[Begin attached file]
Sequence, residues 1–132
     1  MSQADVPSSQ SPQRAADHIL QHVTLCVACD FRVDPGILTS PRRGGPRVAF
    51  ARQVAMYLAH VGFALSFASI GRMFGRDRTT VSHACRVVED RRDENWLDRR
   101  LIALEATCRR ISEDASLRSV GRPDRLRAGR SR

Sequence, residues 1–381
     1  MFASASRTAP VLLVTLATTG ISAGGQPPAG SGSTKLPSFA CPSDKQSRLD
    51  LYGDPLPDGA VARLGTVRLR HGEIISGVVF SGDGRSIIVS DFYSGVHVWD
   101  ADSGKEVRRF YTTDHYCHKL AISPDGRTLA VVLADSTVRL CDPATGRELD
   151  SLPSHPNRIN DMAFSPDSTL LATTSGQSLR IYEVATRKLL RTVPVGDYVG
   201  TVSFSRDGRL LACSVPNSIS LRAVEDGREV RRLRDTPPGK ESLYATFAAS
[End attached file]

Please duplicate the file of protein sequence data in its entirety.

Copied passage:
Sequence, residues 1–132
     1  MSQADVPSSQ SPQRAADHIL QHVTLCVACD FRVDPGILTS PRRGGPRVAF
    51  ARQVAMYLAH VGFALSFASI GRMFGRDRTT VSHACRVVED RRDENWLDRR
   101  LIALEATCRR ISEDASLRSV GRPDRLRAGR SR

Sequence, residues 1–381
     1  MFASASRTAP VLLVTLATTG ISAGGQPPAG SGSTKLPSFA CPSDKQSRLD
    51  LYGDPLPDGA VARLGTVRLR HGEIISGVVF SGDGRSIIVS DFYSGVHVWD
   101  ADSGKEVRRF YTTDHYCHKL AISPDGRTLA VVLADSTVRL CDPATGRELD
   151  SLPSHPNRIN DMAFSPDSTL LATTSGQSLR IYEVATRKLL RTVPVGDYVG
   201  TVSFSRDGRL LACSVPNSIS LRAVEDGREV RRLRDTPPGK ESLYATFAAS